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A gavel sits on a desk inside the Court of Appeals at the new Ralph L. Carr Colorado Judicial Center, which celebrated its official opening on Monday Jan. 14, 2013, in Denver.
A gavel sits on a desk inside the Court of Appeals at the new Ralph L. Carr Colorado Judicial Center, which celebrated its official opening on Monday Jan. 14, 2013, in Denver.Brennan Linsley / AP

Trump's team is what happens 'when you don't pay your legal bills'

Ahead of his impeachment trial, Trump's legal team is not exactly a powerhouse roster. There may be a good explanation for this.


It wasn't until late last week that Donald Trump's legal team expanded in preparation for the Senate's impeachment trial, and as the Center for a New American Security's Carrie Cordero noted, it's not exactly a powerhouse roster.

"Contrary to tone of some coverage, I'm struck by the *lack* of conservative legal star power on Trump's impeachment team," Cordero wrote, adding that there's "no credible constitutional superstar."

George Conway appeared to be thinking along the same lines, arguing in a Washington Post op-ed, "This is what happens when you don't pay your legal bills."

President Trump, whose businesses and now campaign have left a long trail of unpaid bills behind them, has never discriminated when it comes to stiffing people who work for him. That includes lawyers -- which is part of the reason he found the need to make some curious last-minute tweaks to his team, announcing the addition of the legal odd couple of Alan Dershowitz and Kenneth W. Starr.

The president has consistently encountered difficulty in hiring good lawyers to defend him. In 2017, after Robert S. Mueller III became special counsel, Trump couldn't find a high-end law firm that would take him as a client. His reputation for nonpayment preceded him: One major Manhattan firm I know had once been forced to eat bills for millions in bond work it once did for Trump. No doubt other members of the legal community knew of other examples.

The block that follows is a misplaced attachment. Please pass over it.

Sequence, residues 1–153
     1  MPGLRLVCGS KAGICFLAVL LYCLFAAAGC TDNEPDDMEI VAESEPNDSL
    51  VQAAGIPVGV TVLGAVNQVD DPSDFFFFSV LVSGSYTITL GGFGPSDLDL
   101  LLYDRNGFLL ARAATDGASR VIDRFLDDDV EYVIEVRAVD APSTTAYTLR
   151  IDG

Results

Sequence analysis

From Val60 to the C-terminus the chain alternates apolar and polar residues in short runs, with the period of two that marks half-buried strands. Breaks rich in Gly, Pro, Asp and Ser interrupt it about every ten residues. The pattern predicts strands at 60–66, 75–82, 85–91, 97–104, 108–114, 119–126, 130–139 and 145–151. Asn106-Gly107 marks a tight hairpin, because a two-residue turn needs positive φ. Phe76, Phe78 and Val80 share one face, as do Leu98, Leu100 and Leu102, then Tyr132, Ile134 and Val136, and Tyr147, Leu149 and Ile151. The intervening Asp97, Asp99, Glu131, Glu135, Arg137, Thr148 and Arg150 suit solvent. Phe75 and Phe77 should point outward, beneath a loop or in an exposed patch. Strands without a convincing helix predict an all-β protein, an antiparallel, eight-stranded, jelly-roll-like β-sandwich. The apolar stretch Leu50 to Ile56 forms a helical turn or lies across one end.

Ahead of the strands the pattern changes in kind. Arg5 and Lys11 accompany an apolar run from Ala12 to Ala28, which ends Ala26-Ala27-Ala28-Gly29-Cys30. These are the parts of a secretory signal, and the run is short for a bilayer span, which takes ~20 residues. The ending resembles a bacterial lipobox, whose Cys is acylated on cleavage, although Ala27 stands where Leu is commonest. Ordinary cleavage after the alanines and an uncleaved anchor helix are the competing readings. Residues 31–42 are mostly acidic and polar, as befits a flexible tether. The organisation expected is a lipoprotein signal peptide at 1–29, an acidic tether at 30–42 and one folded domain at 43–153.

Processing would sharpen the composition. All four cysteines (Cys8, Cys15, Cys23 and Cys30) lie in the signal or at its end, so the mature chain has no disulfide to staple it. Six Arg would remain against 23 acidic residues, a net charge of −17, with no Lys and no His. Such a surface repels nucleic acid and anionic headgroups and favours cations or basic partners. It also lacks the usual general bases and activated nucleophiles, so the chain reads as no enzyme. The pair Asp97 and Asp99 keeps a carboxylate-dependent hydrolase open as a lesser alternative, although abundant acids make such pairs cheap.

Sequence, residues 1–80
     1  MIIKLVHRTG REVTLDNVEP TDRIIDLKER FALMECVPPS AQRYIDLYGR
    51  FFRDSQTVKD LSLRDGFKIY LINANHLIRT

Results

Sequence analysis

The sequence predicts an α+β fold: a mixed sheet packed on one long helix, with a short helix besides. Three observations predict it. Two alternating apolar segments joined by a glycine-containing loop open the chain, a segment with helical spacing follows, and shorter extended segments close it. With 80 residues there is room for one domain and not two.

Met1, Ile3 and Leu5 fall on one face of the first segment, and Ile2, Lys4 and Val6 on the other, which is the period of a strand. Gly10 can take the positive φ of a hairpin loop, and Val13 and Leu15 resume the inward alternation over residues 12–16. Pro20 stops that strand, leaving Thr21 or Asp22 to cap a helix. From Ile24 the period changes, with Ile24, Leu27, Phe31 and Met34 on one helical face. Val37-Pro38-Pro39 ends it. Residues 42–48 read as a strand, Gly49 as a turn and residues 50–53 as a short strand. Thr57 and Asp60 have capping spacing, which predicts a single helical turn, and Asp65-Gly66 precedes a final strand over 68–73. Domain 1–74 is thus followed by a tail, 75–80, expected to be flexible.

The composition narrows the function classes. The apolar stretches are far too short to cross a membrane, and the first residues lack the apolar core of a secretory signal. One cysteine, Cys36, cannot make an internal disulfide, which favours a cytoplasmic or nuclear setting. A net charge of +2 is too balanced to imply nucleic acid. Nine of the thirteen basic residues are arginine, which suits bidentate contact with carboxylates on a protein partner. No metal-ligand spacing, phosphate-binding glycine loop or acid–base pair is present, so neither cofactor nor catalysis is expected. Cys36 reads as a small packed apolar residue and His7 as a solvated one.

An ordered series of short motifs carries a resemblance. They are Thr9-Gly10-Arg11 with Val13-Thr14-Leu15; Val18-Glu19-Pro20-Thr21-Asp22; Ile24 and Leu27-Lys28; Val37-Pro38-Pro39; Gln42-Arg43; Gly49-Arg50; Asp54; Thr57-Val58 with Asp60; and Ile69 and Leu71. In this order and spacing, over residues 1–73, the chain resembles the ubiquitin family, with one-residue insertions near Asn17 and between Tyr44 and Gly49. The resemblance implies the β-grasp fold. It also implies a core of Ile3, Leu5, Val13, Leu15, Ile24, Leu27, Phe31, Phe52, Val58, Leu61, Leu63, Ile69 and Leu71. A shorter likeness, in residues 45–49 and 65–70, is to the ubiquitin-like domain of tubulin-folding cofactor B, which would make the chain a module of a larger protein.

Of course, being cheap wasn't the only reason Trump struck out among the nation's legal elite. There was the fact that he would be an erratic client who'd never take reasonable direction -- direction as in shut up and stop tweeting.

There was a point a couple of years ago, as the president's Russia scandal was intensifying, when he needed sound legal representation and bragged that the "top" law firms were eager to take him on as a client. That was very hard to believe: I put together a list in April 2018 of the lawyers who'd turned Trump down, and it wasn't an especially short list.

There's been no comparable reporting of late about specific, high-profile lawyers rejecting the president's overtures ahead of his impeachment trial, but it seems as if Trump has ended up with a group of attorneys he chose because he saw them on television.

In fact, he could hardly avoid them. Media Matters noted:

On January 17, CNN's Kaitlan Collins and Pamela Brown reported that attorneys Ken Starr, Alan Dershowitz, and Robert Ray are all expected to join President Donald Trump's legal team for his impeachment trial in the United States Senate. The Washington Post's Josh Dawsey reported that former Florida Attorney General Pam Bondi will also be joining the team. Combined, Starr, Dershowitz, Bondi, and Ray have made at least 365 weekday Fox News appearances since January 2019.

After Team Trump confirmed the legal line-up, the Washington Post reported that the president wanted Dershowitz and Pam Bondi representing him in the impeachment case at least in part "because he thinks they are talented on TV." Politico added that Trump liked Ken Starr because his work on the Clinton impeachment saga helped create "the type of juicy storyline Trump the executive producer wants to orchestrate."

I'd just add that Jay Sekulow is helping lead Trump's team, despite his own controversies, and despite having the entirely wrong kind of professional background, and it's likely because the president learned of him by way of his media appearances.

MORE: Today's Maddowblog